camp nawakwa

NYC Chapter Of Adirondack Mountain Club Breaks From Parent; Will Continue To Operate Camp Nawakwa

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Local Chapter Agrees To Pay $50,000 Fund Donation As Part Of Settlement


The New York City Chapter of the Adirondack Mountain Club, which operates a camp in a portion of Harriman State Park that’s located in Rockland County, plans to sever ties from its parent Adirondack Mountain Club, pending a legal settlement in Rockland County Supreme Court. The chapter that operates Camp Nawakwa at Lake Sebago, which has been in litigation with the parent organization for nearly a year, has also agreed to pay a $50,000 fund donation to ADK as part of the settlement.

The NYC chapter, and several of its members including three Rockland County residents, sued ADK last summer after ADK voted to dissolve the local chapter.

In June 2021, ADK dissolved the New York City chapter claiming a series of improprieties, including improper donations, mishandling of sales tax returns, misreporting on its 990 form. It sought to bar the Chapter from Camp Nawakwa and threatened prosecution with the district attorney if the NYC Chapter attempted to withdraw funds from the organization’s bank accounts.

In response, the NYC chapter of the ADK filed suit against the parent organization seeking to reverse the actions undertaken by ADK and sought a court order preventing the parent organization from acting against the New York City chapter. On July 2, Judge Sherri Eisenpress ordered the parent organization to restrain from taking any action against the NYC Chapter or its members.

The court restored the entity and members to their previous positions and set a hearing. The order is still in place;  however a settlement agreement is pending, according to attorney Judith Bachman, who said in a letter to the court that “the parties have reached a settlement in principle.”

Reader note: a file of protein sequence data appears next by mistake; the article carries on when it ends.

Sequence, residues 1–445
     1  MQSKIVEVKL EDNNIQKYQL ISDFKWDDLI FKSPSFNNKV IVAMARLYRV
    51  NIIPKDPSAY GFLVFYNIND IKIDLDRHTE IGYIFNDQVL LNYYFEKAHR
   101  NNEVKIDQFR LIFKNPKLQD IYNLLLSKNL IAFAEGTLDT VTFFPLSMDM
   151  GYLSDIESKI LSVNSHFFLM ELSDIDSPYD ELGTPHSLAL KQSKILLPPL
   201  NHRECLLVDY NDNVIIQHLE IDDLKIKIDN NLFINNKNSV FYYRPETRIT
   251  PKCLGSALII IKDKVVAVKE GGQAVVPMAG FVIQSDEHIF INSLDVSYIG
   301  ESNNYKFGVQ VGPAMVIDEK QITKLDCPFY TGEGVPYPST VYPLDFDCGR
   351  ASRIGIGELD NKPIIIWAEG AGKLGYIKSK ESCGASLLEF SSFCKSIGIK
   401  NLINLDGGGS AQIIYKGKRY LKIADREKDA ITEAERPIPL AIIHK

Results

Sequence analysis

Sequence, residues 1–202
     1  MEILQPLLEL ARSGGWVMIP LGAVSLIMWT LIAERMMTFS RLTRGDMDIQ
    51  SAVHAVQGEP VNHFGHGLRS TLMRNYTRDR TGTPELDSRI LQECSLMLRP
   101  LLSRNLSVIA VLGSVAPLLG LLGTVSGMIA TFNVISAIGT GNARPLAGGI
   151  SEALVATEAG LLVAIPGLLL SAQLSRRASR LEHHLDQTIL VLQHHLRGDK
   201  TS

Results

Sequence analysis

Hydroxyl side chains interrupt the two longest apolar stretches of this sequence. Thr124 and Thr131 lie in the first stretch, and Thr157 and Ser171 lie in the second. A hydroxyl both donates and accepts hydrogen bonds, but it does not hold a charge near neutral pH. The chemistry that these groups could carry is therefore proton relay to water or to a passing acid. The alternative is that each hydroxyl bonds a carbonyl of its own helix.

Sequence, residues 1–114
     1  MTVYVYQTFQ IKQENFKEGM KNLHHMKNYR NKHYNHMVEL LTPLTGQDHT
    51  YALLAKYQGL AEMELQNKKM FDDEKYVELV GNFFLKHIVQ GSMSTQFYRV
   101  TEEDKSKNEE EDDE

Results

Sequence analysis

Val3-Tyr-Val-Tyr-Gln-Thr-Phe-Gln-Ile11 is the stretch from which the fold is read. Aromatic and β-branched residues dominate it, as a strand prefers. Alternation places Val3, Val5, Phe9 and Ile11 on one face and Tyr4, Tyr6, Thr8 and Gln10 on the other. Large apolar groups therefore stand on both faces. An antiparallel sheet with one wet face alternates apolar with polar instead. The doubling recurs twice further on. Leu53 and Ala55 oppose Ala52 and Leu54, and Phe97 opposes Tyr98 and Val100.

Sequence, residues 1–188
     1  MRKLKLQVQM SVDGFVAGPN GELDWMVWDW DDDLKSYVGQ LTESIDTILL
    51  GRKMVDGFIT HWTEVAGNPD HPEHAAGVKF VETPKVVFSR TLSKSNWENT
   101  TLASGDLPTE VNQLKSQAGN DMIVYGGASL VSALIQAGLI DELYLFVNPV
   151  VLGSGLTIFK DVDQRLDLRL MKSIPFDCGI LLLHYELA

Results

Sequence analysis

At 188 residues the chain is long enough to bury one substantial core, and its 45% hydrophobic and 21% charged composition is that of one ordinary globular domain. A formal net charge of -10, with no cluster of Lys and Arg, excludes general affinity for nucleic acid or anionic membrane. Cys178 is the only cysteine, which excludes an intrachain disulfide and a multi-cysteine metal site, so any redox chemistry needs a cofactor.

In a Jan. 14 letter, NYC Chapter Secretary Eve Mancuso, who is a Rockland County resident, wrote that her board felt it was “in the best interests of our organization and members to settle our legal dispute with ADK and disassociate.”

Mancuso said “ADK demanded a donation” in negotiations. The NYC Chapter board authorized a $50,000 “fund donation” in a resolution dated Jan. 17.

If the settlement is completed, the organization will continue to operate as Nawakwa Outdoor Association, a stand-alone organization. The new entity plans to keep operating Camp Nawakwa, a retreat on Lake Sebago in Harriman State Park that the organization leases from the Palisades Park Commission.

ADK President Tom Andrews had told the Adirondack Explorer that some members of the NYC chapter alleged “exclusion, member disenfranchisement, and financial concerns.” In court records, Michael Barrett, executive director of ADK alleged Camp Nawakwa was restricted to about 200 of the chapter’s 1,200 members. The majority of the chapter’s finances went to the camp.

ADK expressed concerns about the exclusivity of a downstate retreat. A past city chapter member reported to ADK that the chapter’s board “took actions and made policy to ensure that families with children would not feel welcome,” according to court records.

The chapter’s bylaws indicate one must become a “Nawakwan,” to use the camp. Nawakwans pay an application fee, complete an orientation and safety course and submit dues. They also must be voted in by the board of directors. The camp has one main two-bedroom cabin with a dining hall and two bathrooms. There are six separate sleeping cabins, three tent platforms and areas to swim and launch a boat.

Responding in court documents, Bachman called the allegation of exclusion of members “untrue as the qualification requirements for access to our camp have been in place, in one form or another, since 1931.”

Bachman said ADK’s move to dissolve the chapter “was done with an ulterior motive; perhaps to seize NY ADK’s funds for Defendant’s own use, perhaps out of jealousy being that NY ADK has generous support from NY ADK’s own members, perhaps because Defendant is bothered that NY ADK is one of only two separately incorporated chapters, or perhaps as part of a larger plan to eliminate all chapters.”

ADK has 27 chapters and the NYC and Keene chapters are the only ones separately incorporated.